Yet another aspect of the embodiments is that the new generation replaces the current generation and the current generation becomes a previous generation. Once prepared, the new generation master begins accessing the data store on behalf of clients.

An aspect of certain embodiments is for a previous generation master to reappear and discover that a new generation has taken over. The previous generation master can then quit accepting client requests, can then clean up its journal, and can even transform itself into an inactive master.

Another aspect of certain embodiments is to provide a master reference, such as a master file, by which a client can discover the current generation master. The reference can be a name or address stored in a client readable file, data in a database, a link on a web page, or any other kind of reference that can specify the current generation master.

Yet another aspect of certain embodiments is to provide a checkpoint file to help an inactive master more quickly become a current generation master.

A further aspect of certain embodiments is to provide a generation boundary number. An infinite number of generation numbers is not available because computers cannot count to infinity. Eventually, they must “roll over” and begin counting again. A generation boundary number allows the generation numbers to roll over without confusing a newer generation for an older generation.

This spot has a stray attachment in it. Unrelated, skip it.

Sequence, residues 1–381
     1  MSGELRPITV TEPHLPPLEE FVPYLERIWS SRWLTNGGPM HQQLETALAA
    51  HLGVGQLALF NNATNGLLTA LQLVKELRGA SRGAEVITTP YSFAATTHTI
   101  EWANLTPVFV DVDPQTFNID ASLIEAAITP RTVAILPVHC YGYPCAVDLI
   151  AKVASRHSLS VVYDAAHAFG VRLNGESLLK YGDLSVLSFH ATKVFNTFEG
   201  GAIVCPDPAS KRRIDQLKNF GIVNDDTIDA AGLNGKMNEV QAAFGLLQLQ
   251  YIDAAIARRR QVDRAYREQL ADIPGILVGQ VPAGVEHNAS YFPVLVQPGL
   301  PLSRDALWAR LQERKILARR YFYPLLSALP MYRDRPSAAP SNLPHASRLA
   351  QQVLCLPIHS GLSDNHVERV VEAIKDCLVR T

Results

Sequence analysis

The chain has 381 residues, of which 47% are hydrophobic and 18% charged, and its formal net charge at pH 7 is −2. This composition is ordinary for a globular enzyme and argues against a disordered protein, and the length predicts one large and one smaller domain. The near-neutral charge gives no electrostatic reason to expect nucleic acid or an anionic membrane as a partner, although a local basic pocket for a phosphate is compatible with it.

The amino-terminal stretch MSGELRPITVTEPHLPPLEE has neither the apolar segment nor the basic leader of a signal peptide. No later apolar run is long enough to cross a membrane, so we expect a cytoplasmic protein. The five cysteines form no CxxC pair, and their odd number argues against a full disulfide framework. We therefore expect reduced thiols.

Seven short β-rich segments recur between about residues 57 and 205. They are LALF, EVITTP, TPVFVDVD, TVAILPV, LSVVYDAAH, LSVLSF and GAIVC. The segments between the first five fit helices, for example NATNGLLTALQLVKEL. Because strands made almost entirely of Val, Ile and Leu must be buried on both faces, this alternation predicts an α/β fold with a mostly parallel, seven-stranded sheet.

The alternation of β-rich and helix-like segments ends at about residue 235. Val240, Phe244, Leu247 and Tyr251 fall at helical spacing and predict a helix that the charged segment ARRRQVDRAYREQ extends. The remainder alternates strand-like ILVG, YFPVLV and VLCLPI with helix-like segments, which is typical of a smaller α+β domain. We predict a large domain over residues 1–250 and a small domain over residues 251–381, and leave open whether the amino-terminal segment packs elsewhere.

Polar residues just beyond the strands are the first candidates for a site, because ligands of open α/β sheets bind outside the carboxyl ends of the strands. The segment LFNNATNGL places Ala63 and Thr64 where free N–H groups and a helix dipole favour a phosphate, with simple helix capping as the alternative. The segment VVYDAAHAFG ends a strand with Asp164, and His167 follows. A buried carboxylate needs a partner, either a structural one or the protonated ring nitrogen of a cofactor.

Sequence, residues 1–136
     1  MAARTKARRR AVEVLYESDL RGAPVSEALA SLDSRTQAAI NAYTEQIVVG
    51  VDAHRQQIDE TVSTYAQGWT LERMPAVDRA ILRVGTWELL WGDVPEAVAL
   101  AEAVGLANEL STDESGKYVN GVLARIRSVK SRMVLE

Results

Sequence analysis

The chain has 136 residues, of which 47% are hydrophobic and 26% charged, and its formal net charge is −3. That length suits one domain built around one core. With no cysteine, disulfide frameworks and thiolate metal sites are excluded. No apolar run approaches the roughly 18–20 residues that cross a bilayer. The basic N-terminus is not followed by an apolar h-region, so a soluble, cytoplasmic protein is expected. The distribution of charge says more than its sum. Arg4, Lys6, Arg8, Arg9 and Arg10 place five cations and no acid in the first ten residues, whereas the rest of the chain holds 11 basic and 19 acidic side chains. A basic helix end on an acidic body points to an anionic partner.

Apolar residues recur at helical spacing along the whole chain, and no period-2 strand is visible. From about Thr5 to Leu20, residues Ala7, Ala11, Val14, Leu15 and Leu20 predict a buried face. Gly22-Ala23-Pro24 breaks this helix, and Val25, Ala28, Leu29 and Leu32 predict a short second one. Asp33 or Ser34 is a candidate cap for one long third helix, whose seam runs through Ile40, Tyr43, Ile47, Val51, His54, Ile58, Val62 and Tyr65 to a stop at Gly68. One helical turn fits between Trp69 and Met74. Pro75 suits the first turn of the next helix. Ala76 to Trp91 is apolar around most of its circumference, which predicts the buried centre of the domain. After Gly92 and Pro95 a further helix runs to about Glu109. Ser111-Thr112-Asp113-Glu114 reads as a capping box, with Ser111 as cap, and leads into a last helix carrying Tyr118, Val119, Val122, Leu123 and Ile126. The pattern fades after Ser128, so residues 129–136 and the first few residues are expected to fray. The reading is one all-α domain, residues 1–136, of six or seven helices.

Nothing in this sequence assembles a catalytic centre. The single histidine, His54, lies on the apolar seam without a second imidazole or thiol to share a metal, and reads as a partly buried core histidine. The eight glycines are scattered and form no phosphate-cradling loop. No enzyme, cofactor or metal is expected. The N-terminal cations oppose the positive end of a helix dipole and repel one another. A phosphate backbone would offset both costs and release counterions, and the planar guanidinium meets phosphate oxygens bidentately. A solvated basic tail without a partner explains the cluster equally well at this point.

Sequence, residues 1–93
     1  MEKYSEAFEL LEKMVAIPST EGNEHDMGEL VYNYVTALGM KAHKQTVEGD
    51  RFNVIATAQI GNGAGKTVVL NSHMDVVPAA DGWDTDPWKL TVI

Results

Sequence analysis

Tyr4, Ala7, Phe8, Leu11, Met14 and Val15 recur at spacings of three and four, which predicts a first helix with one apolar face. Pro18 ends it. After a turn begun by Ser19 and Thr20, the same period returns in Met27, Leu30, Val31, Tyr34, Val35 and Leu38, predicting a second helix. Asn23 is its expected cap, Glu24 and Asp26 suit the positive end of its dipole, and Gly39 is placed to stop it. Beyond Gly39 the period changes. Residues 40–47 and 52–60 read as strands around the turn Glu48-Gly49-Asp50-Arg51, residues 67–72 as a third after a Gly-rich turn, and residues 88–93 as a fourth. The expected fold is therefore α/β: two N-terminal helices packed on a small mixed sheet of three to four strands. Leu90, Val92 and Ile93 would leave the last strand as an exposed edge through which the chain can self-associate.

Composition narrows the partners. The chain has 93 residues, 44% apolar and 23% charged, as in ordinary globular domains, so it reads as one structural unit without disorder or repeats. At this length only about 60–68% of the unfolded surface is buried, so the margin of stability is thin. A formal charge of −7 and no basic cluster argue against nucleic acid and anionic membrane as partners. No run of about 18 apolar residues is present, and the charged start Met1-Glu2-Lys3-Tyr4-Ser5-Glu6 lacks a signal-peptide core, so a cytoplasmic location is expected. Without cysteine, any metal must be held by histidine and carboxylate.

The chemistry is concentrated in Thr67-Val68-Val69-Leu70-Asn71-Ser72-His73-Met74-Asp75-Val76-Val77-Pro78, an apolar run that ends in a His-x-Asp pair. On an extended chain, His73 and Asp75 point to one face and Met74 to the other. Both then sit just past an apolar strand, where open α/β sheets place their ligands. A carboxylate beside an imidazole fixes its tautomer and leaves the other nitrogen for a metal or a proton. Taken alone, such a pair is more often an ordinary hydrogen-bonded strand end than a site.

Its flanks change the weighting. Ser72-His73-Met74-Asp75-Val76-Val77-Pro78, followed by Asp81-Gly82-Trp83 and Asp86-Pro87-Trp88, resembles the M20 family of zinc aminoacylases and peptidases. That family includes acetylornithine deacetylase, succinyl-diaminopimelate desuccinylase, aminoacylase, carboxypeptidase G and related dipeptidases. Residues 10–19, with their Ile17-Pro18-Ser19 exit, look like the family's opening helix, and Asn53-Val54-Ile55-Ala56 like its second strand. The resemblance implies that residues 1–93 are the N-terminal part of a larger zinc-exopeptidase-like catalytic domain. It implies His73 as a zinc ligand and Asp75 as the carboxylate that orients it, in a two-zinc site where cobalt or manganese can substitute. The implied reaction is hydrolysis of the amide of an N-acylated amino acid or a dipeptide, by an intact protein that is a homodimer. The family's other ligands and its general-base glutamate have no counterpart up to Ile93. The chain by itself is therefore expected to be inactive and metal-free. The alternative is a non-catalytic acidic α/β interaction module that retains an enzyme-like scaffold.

BRIEF DESCRIPTION OF THE DRAWINGS

The accompanying figures, in which like reference numerals refer to identical or functionally similar elements throughout the separate views and which are incorporated in and form a part of the specification, further illustrate the present invention and, together with the background of the invention, brief summary of the invention, and detailed description of the invention, serve to explain the principles of the present invention.

FIG. 1 illustrates a high level block diagram of a system with a generational journaling data store in accordance with aspects of the embodiments;